Do the men understand or respect woman's work? Explain.
Susan Glaspell wrote “Trifles” on 1916, a time where women were beginning to challenge their socially definedroles. Women were realizing that their identities as wives and domestics kept them in a subordinate position in society. The title of the play, “Trifles,” is an important indication of the dynamicconflict that provides the tension of a serious situation that is anything but trifling.
Farmer John Wright has been murdered. While he lay asleep in the middle of the night, someone strung a ropearound his neck, and that someone might have been his wife, Minnie Wright. Minnie’s defiant act has occurred before the action begins, and, as the play unfolds two women, Mrs. Peters and Mrs. Hale piecetogether the details of the situation surrounding the murder. As the events unfold, however, it becomes clear that the focus of the play is not on who killed John Wright, but rather on the themes ofthe subordinate role of women. The men in the play, Mr. Hale, Sheriff Peters, and the County Attorney, are at the house to investigate the murder. The women, Mrs. Peters and Mrs. Hale, are there togather some things to take to Mrs. Wright in jail.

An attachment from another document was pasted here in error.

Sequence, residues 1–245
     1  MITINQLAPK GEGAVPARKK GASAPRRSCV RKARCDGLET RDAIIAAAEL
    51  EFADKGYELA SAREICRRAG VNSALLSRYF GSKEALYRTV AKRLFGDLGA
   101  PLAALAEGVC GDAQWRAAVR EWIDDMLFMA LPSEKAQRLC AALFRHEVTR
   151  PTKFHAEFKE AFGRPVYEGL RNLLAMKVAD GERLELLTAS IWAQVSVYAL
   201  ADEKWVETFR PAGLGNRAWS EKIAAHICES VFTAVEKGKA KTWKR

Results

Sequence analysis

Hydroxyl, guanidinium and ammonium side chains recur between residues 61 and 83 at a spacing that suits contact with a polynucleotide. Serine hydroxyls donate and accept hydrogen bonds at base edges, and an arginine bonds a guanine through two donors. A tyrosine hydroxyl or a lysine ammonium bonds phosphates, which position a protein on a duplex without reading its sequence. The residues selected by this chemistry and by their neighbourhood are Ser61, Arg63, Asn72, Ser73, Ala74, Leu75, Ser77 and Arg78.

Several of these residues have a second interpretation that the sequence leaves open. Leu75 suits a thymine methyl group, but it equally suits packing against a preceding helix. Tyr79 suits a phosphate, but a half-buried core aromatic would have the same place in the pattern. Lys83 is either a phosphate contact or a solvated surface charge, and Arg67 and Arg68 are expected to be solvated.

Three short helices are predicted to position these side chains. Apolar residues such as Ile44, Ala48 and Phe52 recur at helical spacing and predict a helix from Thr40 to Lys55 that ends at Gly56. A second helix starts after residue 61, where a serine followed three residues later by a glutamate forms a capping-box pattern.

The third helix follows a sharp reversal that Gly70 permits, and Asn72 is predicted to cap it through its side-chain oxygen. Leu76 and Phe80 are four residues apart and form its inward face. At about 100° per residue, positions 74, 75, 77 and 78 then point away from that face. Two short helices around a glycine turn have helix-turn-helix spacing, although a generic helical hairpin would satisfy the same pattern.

The men and the women both observe the house is generally a mess, but they see the messiness from different points of view. What each set ofcharacters sees is limited by their gender. The men see the mess as negligence on the part of Minnie and her housewife duties. This can be noticed from the County Attorney’s comment about Minnie not being muchof a housekeeper and his complaining about the dirty towels.
Chatting to pass the time, Mrs. Hale and Mrs. Peters notice vital details that the men would not care about: ruined fruit preserves,bread that has been left out of its box, an unfinished quilt, an empty bird cage, among others. The men completely overlook this because they consider the domestic space of the woman of the house to...